Heads Up, Early Filers! Time for a Tax Do-Over on Certain State Refunds
Picture this: you’re an early bird, and you’ve filed your taxes way ahead of schedule. You’re feeling accomplished and ready to tackle the rest of the year… until the IRS comes knocking with some news. Turns out, if you reported certain state tax refunds as taxable income, you might want to hit the rewind button and file an amended return. Don’t worry, we’ve got your back with all the info you need to sort this out.
The Scoop on the State Refund Shenanigans
It all started on February 10, 2023, when the IRS revealed that 21 states had made special payments to taxpayers in 2022. These payments, related to general welfare and disaster relief, were initially considered taxable. But after some review, the IRS decided to cut us some slack and not challenge the taxability of these state refunds. High fives all around!
Who’s Affected by This Tax Tango?
If you’re in California, Colorado, Connecticut, Delaware, Florida, Hawaii, Idaho, Illinois, Indiana, Maine, New Jersey, New Mexico, New York, Oregon, Pennsylvania, or Rhode Island, you’re in luck! You don’t need to report these state payments on your 2022 tax return. Alaska, you’re part of this group too, but only if you received a special supplemental Energy Relief Payment. Curious about the specifics? Check out this online chart for the federal tax treatment of your state’s refunds or rebates.
But wait, there’s more! If you live in Georgia, Massachusetts, South Carolina, or Virginia, you might also be off the hook for including special state tax refunds as income on your federal return. The catch? You must have claimed the standard deduction for tax year 2022 or itemized your deductions without receiving a tax benefit. If you meet these requirements and filed before February 10, take a peek at your tax return to see if you need to make any changes.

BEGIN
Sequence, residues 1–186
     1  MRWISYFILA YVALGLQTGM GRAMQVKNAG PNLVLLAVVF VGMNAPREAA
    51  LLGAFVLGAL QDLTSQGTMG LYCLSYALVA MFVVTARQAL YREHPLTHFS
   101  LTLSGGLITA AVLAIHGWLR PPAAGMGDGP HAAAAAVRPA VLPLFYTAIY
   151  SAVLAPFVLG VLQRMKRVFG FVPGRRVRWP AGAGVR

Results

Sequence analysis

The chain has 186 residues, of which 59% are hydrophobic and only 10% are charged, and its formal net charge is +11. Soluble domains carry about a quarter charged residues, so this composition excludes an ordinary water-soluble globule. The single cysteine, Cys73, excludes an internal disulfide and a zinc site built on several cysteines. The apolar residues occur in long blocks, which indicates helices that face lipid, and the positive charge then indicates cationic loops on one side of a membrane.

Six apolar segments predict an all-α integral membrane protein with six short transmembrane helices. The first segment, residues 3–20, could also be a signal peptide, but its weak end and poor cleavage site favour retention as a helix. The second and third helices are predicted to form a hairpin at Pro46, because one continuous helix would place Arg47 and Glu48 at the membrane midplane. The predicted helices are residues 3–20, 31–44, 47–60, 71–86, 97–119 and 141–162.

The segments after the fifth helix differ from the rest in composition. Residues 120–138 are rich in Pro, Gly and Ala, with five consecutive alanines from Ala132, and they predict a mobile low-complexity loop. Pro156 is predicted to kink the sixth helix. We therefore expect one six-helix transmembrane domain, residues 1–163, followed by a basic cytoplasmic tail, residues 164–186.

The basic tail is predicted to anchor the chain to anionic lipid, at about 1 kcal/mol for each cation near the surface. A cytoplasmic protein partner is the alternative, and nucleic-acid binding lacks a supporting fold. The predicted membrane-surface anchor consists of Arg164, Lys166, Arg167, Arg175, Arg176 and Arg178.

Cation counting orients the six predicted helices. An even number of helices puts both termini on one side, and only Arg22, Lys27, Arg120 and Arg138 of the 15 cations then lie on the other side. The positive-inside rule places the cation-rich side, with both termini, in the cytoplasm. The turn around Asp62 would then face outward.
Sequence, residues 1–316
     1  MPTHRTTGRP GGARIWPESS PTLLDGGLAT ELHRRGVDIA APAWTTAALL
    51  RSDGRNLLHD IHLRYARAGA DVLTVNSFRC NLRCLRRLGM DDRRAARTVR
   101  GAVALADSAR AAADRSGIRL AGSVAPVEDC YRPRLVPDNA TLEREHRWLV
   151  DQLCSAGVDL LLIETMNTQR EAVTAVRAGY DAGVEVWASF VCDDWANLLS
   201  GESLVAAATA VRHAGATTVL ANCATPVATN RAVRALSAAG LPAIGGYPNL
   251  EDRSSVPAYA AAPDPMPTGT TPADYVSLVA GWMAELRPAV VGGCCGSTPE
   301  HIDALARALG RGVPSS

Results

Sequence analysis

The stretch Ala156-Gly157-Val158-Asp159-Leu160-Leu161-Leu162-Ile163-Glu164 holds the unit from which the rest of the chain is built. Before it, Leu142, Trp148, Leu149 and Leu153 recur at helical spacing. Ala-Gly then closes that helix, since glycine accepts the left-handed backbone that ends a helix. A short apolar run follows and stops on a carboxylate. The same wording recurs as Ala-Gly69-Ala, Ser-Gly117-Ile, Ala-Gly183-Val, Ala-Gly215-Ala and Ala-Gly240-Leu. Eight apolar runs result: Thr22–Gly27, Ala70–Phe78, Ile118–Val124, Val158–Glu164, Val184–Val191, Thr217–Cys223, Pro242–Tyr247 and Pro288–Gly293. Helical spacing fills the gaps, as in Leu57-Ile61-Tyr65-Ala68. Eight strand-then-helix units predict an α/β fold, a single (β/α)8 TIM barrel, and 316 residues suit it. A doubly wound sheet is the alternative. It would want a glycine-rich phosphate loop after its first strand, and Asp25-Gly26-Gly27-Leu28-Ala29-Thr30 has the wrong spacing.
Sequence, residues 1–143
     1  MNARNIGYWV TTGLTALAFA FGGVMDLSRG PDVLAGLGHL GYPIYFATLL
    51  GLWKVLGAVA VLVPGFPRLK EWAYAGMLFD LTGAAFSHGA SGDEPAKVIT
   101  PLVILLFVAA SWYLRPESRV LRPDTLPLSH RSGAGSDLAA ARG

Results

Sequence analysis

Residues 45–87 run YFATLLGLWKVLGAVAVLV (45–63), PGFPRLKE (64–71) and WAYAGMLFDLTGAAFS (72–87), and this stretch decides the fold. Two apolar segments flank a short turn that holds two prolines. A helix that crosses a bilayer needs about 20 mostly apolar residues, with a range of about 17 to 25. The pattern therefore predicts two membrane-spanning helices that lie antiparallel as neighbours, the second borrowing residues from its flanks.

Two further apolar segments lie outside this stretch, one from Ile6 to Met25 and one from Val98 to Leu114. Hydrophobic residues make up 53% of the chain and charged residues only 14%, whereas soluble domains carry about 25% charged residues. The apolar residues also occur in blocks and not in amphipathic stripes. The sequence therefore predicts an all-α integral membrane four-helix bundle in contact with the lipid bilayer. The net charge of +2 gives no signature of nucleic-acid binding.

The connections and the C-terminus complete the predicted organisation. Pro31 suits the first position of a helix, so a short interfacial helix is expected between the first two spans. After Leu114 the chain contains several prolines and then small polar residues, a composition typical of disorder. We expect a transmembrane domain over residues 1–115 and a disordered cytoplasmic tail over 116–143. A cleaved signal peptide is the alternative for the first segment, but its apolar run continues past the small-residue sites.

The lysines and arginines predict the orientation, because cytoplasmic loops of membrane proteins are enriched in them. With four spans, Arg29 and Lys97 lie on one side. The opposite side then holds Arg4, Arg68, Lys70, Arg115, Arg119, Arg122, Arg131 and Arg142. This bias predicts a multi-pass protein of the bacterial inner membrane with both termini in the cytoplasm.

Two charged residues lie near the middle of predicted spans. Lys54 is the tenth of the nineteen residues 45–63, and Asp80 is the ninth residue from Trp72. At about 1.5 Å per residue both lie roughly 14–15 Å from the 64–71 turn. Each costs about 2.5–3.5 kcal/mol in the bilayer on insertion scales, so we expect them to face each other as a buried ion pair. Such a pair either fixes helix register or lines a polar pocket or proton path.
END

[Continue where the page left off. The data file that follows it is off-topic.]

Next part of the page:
How to Fix Your Tax Return (Without Breaking a Sweat)
If you need to file an amended return, don’t fret! You can still file electronically and even opt for direct deposit if you’re owed a refund. It’s fast, secure, and as easy as pie.
If you’re more of a pen-and-paper kind of taxpayer, you can submit a paper Form 1040-X, Amended U.S. Individual Income Tax Return. Just follow the instructions and mail it to:
Department of the Treasury Internal Revenue Service Austin, TX 73301-0052
Keep in mind that direct deposit isn’t available for paper-filed amended returns.
No matter how you file, you can use the “Where’s My Amended Return?” online tool to track your amended return’s status.
Still Need More Info?
For additional details, check out Tax Topic 308 on Amended Returns. And remember, whether you’re an early bird or a last-minute filer, it’s always better to double-check and make sure your tax return is accurate. Happy tax season, everyone!
***Disclaimer: This communication is not intended as tax advice, and no tax accountant -client relationship results**